Calibrations are usually retained only for the current session. Restarting the software, opening a new file, or choosing New from the File menu will reset the calibration to the default calibration. To retain calibrations across sessions, consult the instructions or help files appropriate to your software. See also www.vernier.com/til/2342/

Specifications

Force range

–850 to +3500 N or –200 to
+850 N, where positive value is a compression force

Maximum non-damaging force

4500 N (1000 lb) compression or 900 N (200 lb) pull evenly distributed

12-bit resolution

1.2 N or 0.3 N

10-bit resolution

4.8 N or 1.2 N

Dimensions

28 cm by 32 cm by 5 cm

Calibration function

  • Slope (gain): 1000 N/V or
    250 N/V
  • Intercept (offset): –1000 N or
    –250 N
  • Force = Vout* 1000 N/V – 1000 N (3500 N range)
  • Force = Vout* 250 N/V – 250 N (850 N range)

Care and Maintenance

Do not wrap the cable tightly around the Force Plate for storage. Repeatedly doing so can irreparably damage the wires and is not covered under warranty.

Suggested Experiments

  • Analyze a crouched jump. Start with knees bent, hands on hips. Do NOT lower your body further; jump up only. Do not move arms. This very artificial jump is easier to analyze than a natural jump.
    1. Use the impulse of the force to find the change in momentum; find the jumper’s velocity at take-off to estimate the jump height.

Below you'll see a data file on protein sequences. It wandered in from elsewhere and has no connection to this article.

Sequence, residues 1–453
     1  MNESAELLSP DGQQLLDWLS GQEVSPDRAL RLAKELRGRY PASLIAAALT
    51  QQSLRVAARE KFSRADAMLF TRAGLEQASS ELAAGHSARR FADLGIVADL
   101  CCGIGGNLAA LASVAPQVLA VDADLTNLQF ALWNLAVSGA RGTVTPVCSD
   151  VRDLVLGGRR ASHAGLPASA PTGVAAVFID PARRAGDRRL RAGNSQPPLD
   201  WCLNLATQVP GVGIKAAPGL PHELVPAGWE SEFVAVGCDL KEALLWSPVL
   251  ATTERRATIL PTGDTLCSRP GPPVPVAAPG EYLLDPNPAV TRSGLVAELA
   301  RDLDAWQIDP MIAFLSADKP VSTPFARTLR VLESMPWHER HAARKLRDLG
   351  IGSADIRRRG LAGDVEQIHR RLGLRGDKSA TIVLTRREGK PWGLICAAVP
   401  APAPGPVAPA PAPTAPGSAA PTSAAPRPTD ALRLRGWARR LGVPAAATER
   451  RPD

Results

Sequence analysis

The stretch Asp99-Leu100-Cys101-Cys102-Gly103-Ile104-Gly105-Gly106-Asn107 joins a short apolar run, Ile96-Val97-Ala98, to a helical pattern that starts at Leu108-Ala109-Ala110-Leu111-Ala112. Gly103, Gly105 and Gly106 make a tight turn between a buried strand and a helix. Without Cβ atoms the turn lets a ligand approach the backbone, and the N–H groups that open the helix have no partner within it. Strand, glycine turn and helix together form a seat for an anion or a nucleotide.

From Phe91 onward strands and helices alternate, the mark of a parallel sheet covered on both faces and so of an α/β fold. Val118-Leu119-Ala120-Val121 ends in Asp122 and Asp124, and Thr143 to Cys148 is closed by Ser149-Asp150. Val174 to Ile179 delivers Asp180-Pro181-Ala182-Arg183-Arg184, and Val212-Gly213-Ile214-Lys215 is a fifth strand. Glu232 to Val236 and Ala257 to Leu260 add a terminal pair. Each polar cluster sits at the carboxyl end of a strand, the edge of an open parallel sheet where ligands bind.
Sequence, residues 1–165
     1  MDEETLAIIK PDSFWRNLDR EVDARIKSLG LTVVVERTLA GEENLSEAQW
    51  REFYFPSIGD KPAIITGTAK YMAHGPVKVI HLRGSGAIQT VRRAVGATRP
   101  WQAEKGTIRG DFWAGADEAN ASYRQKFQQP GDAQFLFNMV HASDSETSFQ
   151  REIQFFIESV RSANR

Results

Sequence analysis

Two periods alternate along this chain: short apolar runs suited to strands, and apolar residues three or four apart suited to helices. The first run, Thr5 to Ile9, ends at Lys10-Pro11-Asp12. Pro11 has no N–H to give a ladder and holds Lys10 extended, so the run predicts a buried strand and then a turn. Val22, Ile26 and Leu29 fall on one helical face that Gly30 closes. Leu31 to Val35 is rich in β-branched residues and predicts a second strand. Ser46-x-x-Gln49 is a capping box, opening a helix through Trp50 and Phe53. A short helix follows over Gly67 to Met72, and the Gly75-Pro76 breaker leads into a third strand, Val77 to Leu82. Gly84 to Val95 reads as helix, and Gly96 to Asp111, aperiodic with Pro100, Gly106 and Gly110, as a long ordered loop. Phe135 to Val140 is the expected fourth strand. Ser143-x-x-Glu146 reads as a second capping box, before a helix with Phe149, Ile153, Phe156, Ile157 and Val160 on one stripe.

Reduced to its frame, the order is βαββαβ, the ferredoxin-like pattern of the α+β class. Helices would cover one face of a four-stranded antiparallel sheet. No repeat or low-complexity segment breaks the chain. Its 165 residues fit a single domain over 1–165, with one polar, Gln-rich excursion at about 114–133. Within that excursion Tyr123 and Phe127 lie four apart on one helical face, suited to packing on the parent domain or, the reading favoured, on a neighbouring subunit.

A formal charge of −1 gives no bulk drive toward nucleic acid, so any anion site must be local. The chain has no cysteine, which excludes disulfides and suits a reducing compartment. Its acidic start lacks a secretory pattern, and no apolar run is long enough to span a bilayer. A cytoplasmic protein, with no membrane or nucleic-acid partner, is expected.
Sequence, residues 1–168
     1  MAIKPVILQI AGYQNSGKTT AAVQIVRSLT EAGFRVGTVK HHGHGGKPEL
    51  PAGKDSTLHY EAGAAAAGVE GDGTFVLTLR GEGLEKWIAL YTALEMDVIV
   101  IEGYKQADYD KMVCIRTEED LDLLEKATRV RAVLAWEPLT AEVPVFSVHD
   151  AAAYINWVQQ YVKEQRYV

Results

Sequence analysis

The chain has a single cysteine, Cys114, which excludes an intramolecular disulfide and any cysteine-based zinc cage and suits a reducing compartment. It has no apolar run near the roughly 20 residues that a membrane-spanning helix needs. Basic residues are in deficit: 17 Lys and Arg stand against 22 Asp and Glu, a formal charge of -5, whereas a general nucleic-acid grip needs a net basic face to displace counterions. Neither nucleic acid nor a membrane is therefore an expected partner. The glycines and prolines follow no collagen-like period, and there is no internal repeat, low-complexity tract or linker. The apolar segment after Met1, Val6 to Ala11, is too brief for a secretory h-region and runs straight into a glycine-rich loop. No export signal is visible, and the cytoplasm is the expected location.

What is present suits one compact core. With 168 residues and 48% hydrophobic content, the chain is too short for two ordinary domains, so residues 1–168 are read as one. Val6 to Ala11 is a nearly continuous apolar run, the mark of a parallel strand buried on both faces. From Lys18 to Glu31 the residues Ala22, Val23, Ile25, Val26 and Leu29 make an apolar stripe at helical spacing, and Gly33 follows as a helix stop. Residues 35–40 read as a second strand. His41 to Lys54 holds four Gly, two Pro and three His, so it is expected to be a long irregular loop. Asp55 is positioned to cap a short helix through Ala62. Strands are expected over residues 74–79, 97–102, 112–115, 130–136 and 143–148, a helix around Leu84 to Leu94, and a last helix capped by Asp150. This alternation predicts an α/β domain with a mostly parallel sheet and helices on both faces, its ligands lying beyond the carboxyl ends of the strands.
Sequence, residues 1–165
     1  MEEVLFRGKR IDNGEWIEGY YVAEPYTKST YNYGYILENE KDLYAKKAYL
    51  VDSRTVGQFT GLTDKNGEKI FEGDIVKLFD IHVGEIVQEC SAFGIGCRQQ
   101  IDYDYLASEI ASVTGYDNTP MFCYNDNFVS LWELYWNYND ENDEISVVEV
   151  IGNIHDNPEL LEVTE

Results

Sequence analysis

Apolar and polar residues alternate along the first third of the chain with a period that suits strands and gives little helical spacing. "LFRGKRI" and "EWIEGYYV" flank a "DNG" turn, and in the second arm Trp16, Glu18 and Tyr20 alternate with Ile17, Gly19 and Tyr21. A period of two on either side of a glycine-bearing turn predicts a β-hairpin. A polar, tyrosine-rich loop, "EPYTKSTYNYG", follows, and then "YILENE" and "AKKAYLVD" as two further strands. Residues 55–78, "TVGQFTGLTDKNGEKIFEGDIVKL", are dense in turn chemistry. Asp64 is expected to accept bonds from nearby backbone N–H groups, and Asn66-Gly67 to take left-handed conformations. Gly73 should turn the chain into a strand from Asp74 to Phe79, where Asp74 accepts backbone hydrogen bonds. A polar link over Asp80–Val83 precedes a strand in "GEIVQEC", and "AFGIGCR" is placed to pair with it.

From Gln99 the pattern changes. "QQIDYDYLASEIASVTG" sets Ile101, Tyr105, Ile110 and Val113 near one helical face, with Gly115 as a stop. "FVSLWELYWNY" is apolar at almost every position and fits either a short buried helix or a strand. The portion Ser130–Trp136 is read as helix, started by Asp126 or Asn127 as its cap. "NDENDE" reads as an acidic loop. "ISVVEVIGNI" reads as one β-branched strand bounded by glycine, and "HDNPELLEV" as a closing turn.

2. Use the flight and kinematics to find the jump height.
    3. From the force vs. time graph, determine an acceleration vs. time graph. Integrate to find velocity and position vs. time graphs. Construct a plot of force vs. position, and use that to determine the work done on the jumper’s center of mass by the floor. Since that work shows up as kinetic energy, use the energy to find the velocity at take-off.
  • Repeat the above analysis for a natural jump, beginning with standing straight, crouching down, and then jumping. You will be able to jump higher this way, but the analysis will be more complex.
  • Investigate the forces involved during the technique known as “unweighting” during ski or snowboard turns. Can you easily cut your apparent weight?